Erlanger’s new Heart and Lung Institute offers many services, one of which is helping patients understand, manage, and prevent the cardiovascular ramifications of chemotherapy treatments. Dr. Patrick Stevens joined Jess Raby on Let’s Chatt to talk about the new Institute.
Raby: You are a specialist with the institute. Tell me a little bit more about your role.
Dr. Stevens: I’m a general cardiologist who also sees oncology patients. And it’s part of the team approach that we’re focusing on at Erlanger, which is bringing specialists from lots of different areas to treat the whole patient. I work with oncologists, radiation oncologists, nurses, nutritionists, and we try to provide the best care to oncology patients.
What we found out in the last 10 years or so is now that we’re treating these patients so well and they’re living longer, that some of the medicines we give them can cause heart side effects down the road, or even as they get the medications. So I work with those providers to monitor patients, to try and treat them up front to prevent those events from happening. As an example, breast cancer patients are some people I work with quite frequently because some of those drugs can cause reduction in heart function, or heart failure. They can get radiation to the left side of their chest, which can have the heart in the field, and then down the road that can lead to issues with heart artery narrowing or heart dysfunction.
Raby: It’s so important to stay up front and ahead of these issues. Because we really have to treat the original cause, right? We can’t just sit back and let it happen. So it’s so important to understand this information and be proactive about it.
Dr. Stevens: I think a lot of this comes down to prevention, which is what we really focus on nowadays in cardiology. It’s better to prevent a heart attack than treat a heart attack that’s happening. And so looking at things like making sure patients are on cholesterol medicines at the right times, which maybe doesn’t seem like a big deal, but actually is because it can prevent heart attacks 10-15 years from now. Talking to patients about making sure that things like diet, exercise, all those important things that can help prevent things down the road. I think that’s what we’re really pushing for is prevention, as well as treatment.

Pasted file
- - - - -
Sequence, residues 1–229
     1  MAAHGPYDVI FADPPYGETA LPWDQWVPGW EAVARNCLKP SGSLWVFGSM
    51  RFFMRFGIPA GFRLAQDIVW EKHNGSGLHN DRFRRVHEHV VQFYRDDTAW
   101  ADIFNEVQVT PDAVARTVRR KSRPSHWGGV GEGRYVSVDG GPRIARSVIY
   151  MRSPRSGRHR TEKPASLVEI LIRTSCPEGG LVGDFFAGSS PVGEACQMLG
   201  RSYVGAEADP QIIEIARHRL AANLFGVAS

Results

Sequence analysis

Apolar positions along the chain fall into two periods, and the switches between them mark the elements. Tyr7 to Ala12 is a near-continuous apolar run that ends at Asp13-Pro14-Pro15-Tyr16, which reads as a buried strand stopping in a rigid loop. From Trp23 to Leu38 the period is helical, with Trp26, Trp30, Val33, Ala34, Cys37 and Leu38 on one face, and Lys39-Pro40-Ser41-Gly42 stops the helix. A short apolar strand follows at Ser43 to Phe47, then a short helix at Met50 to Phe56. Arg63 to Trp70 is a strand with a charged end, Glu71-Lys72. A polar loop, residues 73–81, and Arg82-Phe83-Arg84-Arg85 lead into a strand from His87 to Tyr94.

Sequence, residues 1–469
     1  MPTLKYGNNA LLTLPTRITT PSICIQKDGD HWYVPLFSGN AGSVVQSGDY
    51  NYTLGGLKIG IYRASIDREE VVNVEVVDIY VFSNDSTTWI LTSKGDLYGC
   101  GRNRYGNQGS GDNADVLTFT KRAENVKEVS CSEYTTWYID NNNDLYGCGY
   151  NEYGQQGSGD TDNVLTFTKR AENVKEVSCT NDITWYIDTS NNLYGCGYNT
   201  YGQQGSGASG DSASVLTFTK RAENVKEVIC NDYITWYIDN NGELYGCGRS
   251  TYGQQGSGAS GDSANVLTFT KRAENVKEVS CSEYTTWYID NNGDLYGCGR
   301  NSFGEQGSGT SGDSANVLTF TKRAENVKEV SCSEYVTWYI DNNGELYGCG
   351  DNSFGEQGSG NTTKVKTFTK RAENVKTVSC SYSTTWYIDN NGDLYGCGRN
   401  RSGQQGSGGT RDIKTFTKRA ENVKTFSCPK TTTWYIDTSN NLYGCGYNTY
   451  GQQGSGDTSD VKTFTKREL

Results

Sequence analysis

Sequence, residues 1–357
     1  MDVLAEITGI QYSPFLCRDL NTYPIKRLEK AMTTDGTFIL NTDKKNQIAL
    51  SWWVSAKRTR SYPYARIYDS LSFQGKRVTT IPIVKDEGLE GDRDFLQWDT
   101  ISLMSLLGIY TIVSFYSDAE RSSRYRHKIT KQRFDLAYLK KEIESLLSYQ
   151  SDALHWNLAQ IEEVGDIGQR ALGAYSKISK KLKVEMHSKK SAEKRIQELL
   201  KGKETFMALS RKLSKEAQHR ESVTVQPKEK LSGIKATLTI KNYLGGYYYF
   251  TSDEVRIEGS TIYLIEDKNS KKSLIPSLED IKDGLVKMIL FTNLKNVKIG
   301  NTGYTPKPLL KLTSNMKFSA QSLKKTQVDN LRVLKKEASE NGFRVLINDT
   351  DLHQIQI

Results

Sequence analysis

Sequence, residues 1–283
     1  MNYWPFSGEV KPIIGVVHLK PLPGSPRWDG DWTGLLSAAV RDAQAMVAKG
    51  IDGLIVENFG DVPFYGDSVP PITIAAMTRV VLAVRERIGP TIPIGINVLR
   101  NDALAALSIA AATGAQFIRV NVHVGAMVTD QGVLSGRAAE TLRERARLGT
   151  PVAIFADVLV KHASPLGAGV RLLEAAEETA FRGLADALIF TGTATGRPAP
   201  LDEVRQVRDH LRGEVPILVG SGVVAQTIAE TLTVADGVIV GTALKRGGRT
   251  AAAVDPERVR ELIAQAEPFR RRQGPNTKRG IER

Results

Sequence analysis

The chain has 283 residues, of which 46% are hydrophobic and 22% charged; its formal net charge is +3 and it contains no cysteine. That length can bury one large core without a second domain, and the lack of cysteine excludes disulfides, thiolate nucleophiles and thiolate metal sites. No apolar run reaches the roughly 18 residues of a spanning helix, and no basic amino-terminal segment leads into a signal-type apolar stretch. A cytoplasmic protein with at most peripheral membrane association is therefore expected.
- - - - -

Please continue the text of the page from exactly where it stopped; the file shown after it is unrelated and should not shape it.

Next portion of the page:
Raby: Knowledge is key, right?
Dr. Stevens: That’s right.
Raby: So talking a little bit more about the new Heart and Lung Institute. It just opened this past Thursday, but there’s been some anticipation and it’s been a long process.
Dr. Stevens: Yeah, this has been in the works for several years now, we’ve had a lot of people working behind the scenes on this for quite a while and it was a really big accomplishment for Erlanger, and for the city, to have this type of facility open. It really allows us to provide cutting-edge care to patients, it’s a beautiful space, we have a lot of operating rooms and cath labs side-by-side, and again this goes toward your team approach, where you have surgeons and cardiologists working in pretty close proximity together, and if you have a question, there’s somebody right there who can come help. And that’s what we’re really pushing for is providing innovative care, and really working as a team.
Raby: And having a facility like this here in Chattanooga, and having the team approach that Erlanger has, I don’t think people understand how important it is to a patient and a family unless they’re personally affected by it, but the opportunity to be able to stay here and to stay around your family. Where your family doesn’t have the travel or the patient doesn’t have to travel, that means a complete difference and actually can sometimes have an effect on the outcome.
Dr. Stevens: Yeah, I agree. I think previously we’d potentially have to send some of these patients to other places, but now we can keep them here because we have this really cutting-edge technology and really beautiful facilities where we can really take care of these patients. A lot of things now are able to be done here, be done in a minimally invasive manner, so there’s faster recovery. One of the things we’re really working with now is minimally invasive gastric bypass surgery, so our cardiothoracic director Larry Shears has been working on that. So not having to cut open the chest, but doing the surgery through a small incision and decreasing the amount of time that it takes to recover.
Raby: Wow, what a difference that will make. Well Dr. Stevens you’re fairly new with Erlanger, but we’re excited to have you here. What do you see as the future for the institute, and Erlanger as a whole?
Dr. Stevens: I think trying to first establish ourselves as really a regional powerhouse, which I think we’re really well on our way to doing right now. We’ve got state of the art facilities and a lot of really great people. But I think trying to be recognized on more of a national level, and part of that is doing research, being involved in research, which is something we’re starting to really spearhead now. Doing clinical trials, and then just bringing in the best physicians we can and pushing that team approach, and I think that will really get us recognized on more of a national level, and that’s why we’re all here: to provide the best care to patients. Not just in Chattanooga, but everywhere in the state.
Erlanger’s new Heart and Lung Institute opened its doors in February 2018. Learn more or book an appointment.